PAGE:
My Sunday session was an all day session with folks from CUE who are all Google Certified Teachers (a dream I have -if I could only work up the courage to make that video!)
You can read my session notes here if you are interested in what I took away in terms of the tools, but the bigger take away for me happened in the first 10 minutes of the day when Mark Wagner (@markwagner) talked to us about the Google Culture. As a former English teacher, he made some great analogies about teaching and connected them to the Google philosophy. It not only helped to set the tone for the day, it helped set the tone for the conference for me.
What was interesting to me was first, "Google believes no one should be more than 150 feet away from food." I laughed at this as in my office, I think we have modified the rule to substitute chocolate for food. Even our workshop participants are upset when we don't put chocolate out until the afternoons!!
On a serious note, the 20% "rule" was compelling. Googlers devote approximately 20% of their work time to a project that might fall outside of their scope of duties but is a passion they have or something they want to fix with current Google tools. Many of these make it to Google Labs (which is something everyone should check out) and many more become Google tools as we know and love them today. (Read here for an example that I found doing a quick (you guessed it) Google search!)
I wondered how education might be different if we allowed our students to pursue the 20% within our classrooms. What if in my social studies class, I set aside one day for the students to investigate and create something related to the history we were studying. Their choice on the topic and the way they would share the 20%. I know, I know - grading. But I think that might be easily addressed with a well thought out and developed rubric - one thought out and developed with the kid so that they had real ownership over the learning and the process.
What if in providing professional development to teachers, 20% of their day/year was following their own course. If there are 8 hours in a work day, one hour (less than the 20%) wouldn't be about supervision or planning or the other things we do but in the pursuit of what we wanted to learn about. I think the reason that collegial circles have been so successful in the district I worked in is that teachers chose what they wanted to work on and were given the time to do it.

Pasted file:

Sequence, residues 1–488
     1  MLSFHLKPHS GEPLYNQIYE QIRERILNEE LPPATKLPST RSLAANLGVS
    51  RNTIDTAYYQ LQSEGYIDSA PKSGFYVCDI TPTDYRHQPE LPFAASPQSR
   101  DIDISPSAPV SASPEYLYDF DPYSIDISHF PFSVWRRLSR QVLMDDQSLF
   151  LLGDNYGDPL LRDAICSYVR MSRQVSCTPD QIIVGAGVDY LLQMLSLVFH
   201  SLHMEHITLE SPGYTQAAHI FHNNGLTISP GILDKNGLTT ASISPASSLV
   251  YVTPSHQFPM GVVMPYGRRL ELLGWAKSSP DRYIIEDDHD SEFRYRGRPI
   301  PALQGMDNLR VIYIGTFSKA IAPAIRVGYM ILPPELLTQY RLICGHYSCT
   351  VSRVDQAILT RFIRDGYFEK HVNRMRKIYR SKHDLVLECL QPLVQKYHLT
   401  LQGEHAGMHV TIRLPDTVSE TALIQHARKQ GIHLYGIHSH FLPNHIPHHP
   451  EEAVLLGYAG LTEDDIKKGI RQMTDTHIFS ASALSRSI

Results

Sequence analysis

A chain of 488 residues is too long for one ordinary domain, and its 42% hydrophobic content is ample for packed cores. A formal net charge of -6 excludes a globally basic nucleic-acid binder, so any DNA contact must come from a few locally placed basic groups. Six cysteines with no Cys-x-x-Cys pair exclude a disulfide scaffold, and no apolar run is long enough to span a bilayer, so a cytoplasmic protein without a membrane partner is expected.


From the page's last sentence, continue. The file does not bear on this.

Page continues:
What if in designing professional development, my team were able to devote 20% of their time to pursuing what they wanted to learn. I certainly think they have this time and we have the resources available for them to do it -but I think they might disagree. And the reason that my team would disagree and that students and teachers aren't doing what I suggest is that it isn't part of our culture.
Digging deeper into the Google website, I found their "Ten Things We Know to Be True" list that exemplifies their philosophy. We all have mission/vision statements in our districts, but what if we created similar lists?
Digging further, I found another list related to design (also called "ten principles that contribute to a Googley user experience") - what if we created our own list that would be relevant for designing lessons and professional development?
Thinking about these things - I took a different view of what was being offered at ISTE. How many sessions demonstrated that they had a different philosophy of education - one that encouraged design and creativity and play? (LOTS!) How many teachers were willing to pursue their passions and learn more and learn differently? (LOTS) So I am wondering about the changes the rumored 16,000 folks in attendance will make. If each person makes one small change as a result of their learning here - that's a whole lotta change! And if each person were able to inspire change in just one more person who didn't attend the conference, that's a whole lotta change agents!